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Hybrid cooling

Last response: in Overclocking
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December 7, 2009 2:06:29 AM

I'm looking for mainly CPU overclocking, not too concerned for graphics OC atm.

My current setup:
EVGA E758-A1 motherboard
Intel core i7 920 d0
6gb triple channel corsair dominator memory
2x EVGA 896-p3-1258 AR gtx 260 Sli Setup
Corsair CMPU 750TX 750w power supply
OCZ vertex 30g SSD(OS)
WD 1tb caviar black(storage)
Alienware predator case 2.0 chasis(from old PC)

Just ordered the memory and motherboard so I haven't gotten my system built yet(not in any rush) but I did want to get a head start on understanding the cooling options available for me and order the parts so I dont have to reinstall my system.

So basically I'm looking for some serious cooling with a budget of limiting the liquid cooling to only my CPU.
I've read conundrum's guide for water cooling for beginners but I still have some questions. I understand that liquid cooling would outperform the best of air cooling with the right pricing and setup, however I'm wondering about the results if I only purchase Liquid cooling for my CPU and air cooling for the rest of my hardware(mainly video and memory).

The idea I have for cooling my memory is the corsair dominator memory fan(20$ on newegg)

Though my video cards seem to have its own fan and having two of them in SLI doesn't seem like there's room for a heatsink or fan so I'm assuming they aren't options. I'm basically leaving VGA cooling to my case fans, maybe four noctua 120mm fans with two in the front and two in the back.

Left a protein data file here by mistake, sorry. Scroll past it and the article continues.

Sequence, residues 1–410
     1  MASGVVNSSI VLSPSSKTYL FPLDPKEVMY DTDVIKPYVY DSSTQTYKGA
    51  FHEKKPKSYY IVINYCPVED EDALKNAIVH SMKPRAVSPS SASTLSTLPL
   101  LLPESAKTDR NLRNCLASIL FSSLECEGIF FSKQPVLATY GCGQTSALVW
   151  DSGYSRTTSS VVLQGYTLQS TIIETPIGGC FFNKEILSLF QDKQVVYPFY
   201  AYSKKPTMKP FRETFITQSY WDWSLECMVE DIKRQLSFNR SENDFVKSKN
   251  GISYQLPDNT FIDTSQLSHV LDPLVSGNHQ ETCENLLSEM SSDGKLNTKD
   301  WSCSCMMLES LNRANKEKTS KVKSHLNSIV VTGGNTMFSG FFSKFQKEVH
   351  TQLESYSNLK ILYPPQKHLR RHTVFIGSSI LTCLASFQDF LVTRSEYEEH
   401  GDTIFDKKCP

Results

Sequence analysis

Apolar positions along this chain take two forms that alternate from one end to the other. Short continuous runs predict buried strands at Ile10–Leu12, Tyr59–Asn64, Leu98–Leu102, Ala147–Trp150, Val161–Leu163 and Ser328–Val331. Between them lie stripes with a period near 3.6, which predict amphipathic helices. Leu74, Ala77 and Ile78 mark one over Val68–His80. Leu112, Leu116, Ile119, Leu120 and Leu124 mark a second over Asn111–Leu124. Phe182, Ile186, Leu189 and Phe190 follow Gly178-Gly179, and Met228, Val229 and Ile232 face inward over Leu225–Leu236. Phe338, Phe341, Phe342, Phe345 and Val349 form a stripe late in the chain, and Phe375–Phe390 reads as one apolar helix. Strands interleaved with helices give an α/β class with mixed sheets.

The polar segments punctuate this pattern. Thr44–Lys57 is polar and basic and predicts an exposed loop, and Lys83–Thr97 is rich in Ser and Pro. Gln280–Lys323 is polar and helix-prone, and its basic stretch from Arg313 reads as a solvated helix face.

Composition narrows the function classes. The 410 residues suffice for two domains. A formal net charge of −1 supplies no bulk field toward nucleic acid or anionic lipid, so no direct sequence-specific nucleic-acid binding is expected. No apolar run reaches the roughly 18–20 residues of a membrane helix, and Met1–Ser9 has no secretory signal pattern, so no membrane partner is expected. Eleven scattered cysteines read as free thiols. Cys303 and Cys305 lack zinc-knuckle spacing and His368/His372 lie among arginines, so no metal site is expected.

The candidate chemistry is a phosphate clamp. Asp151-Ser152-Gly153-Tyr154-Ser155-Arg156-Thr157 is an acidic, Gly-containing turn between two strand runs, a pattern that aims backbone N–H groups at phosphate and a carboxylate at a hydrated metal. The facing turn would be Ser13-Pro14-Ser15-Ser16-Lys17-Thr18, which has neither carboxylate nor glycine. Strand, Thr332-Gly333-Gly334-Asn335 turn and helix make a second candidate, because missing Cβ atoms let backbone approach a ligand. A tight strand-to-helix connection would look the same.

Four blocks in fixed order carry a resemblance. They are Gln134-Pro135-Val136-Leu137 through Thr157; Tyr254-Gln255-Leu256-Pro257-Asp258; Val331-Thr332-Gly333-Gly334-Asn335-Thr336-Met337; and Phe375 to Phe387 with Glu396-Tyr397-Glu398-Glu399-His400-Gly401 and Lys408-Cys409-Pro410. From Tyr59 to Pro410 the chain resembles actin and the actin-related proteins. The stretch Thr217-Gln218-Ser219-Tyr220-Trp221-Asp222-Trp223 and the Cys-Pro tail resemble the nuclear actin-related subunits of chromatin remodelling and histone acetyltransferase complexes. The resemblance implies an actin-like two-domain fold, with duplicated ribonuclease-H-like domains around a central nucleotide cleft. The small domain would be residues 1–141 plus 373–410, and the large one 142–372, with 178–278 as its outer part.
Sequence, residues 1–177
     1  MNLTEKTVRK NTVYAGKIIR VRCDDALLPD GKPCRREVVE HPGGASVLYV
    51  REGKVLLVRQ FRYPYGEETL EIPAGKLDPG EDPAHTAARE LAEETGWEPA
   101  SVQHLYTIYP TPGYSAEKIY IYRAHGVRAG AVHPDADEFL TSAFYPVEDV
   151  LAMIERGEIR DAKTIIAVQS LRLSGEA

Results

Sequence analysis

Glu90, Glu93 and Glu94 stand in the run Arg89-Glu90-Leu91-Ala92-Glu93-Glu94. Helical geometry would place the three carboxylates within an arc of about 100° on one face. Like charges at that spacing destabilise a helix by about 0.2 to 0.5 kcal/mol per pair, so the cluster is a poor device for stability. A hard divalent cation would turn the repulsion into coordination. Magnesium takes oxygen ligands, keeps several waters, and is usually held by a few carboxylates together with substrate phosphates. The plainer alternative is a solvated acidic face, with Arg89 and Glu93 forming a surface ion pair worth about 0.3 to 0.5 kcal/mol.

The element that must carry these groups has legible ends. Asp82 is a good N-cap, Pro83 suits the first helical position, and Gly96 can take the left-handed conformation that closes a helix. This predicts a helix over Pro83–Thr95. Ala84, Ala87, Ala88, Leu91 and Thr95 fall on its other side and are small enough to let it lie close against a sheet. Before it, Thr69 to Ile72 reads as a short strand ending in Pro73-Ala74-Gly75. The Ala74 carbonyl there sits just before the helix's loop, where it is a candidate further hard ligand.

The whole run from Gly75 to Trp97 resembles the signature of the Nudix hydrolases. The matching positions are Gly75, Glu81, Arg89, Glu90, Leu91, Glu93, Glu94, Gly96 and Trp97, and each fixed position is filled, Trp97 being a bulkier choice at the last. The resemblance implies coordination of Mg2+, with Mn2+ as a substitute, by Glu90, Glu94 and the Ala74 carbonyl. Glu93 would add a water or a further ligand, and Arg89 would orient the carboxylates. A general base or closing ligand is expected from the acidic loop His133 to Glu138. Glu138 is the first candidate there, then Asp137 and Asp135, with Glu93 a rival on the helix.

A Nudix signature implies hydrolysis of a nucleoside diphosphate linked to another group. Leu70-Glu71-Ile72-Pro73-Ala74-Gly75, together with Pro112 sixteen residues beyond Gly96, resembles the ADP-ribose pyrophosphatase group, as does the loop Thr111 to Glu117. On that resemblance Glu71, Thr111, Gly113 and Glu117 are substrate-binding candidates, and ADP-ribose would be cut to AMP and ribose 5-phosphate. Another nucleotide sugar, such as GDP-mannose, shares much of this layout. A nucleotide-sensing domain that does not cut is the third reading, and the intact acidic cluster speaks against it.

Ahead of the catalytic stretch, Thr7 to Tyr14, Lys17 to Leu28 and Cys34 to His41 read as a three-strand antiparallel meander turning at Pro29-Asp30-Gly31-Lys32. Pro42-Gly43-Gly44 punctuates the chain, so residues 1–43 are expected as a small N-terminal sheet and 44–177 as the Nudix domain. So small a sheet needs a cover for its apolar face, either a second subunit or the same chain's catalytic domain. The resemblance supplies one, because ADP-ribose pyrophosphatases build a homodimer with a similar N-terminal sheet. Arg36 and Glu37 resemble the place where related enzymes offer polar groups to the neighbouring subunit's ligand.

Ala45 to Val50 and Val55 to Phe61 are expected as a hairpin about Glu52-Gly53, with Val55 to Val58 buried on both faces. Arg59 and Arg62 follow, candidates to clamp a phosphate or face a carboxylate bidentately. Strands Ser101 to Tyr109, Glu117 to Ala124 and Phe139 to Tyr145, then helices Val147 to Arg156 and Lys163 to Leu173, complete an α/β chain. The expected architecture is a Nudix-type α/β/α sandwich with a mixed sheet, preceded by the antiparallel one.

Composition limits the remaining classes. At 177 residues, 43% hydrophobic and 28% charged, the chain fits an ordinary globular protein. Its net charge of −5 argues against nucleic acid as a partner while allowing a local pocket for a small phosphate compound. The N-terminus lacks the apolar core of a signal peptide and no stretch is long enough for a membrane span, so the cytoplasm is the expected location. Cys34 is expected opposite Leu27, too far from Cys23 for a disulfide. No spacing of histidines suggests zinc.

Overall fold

Air Cooled CPU: I'm currently thinking of going with Prolimatech Megahalem Black Edition w/ two 120mm noctua fans.

Liquid Cooled:
CPU WB & PUMP: Apogee GT with MCP655-B http://www.jab-tech.com/Swiftech-MCP655-B-12-VDC-Pump-W...
RAD & RES: Swiftech MCR-QP Res 220 with T Line and Plug http://www.jab-tech.com/Swiftech-MCR220-QP-Res-pr-3975....
Tubing:Tygon R-3603 Laboratory-Grade Tubing http://www.petrastechshop.com/7id5odtyrlat.html
Coolant:Swiftech HydrX http://www.petrastechshop.com/swhyexduco.html
Clamp:zip ties

With this budget liquid cooling vs the megahalem how much would you theorize I'd get from the choices in my WC parts over air cooling.

I'm Looking for a stable 4-4.2ghz OC on my system.

And for those who HAD the megahelem and upgraded to a pretty good WC system can you post the temperature difference? I'm wondering if the difference is enough to make me go the extra mile for liquid cooling.

More about : hybrid cooling

a c 86 K Overclocking
December 7, 2009 8:41:42 AM

Get a better CPU block. Apogee GT is a very old design. get the Swiftech XT or heatkiller HK Ver 3.0.

Don't 'need' tygon tubing, it's good but expensive.

Don't need Hydrix, old and stinks to high heaven. Distilled water and Petras PHN Nuke is all you need.

If your in a hot summer area, and you plant to push to 4.2, might look at a 120x3 sized rad, your rad brand is good.

Hose clamps, it's your stuff, I don't trust zip ties myself.

Good air cooled CPU cooler. Good ram cooler.

Full cover blocks for the GPU's will allow you to cool them. At a big price. And you'll need a fully seperate water setup for them. rad/pump etc, not connected to CPU loop at all.
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December 7, 2009 1:20:49 PM

Conundrum gives good feedback. Though the Apogee GT is an old design, it is still good. I think he means that your money will be better spent on newer blocks that have proven to be more effective than the old turbulence impingement design found in the Apogee GT.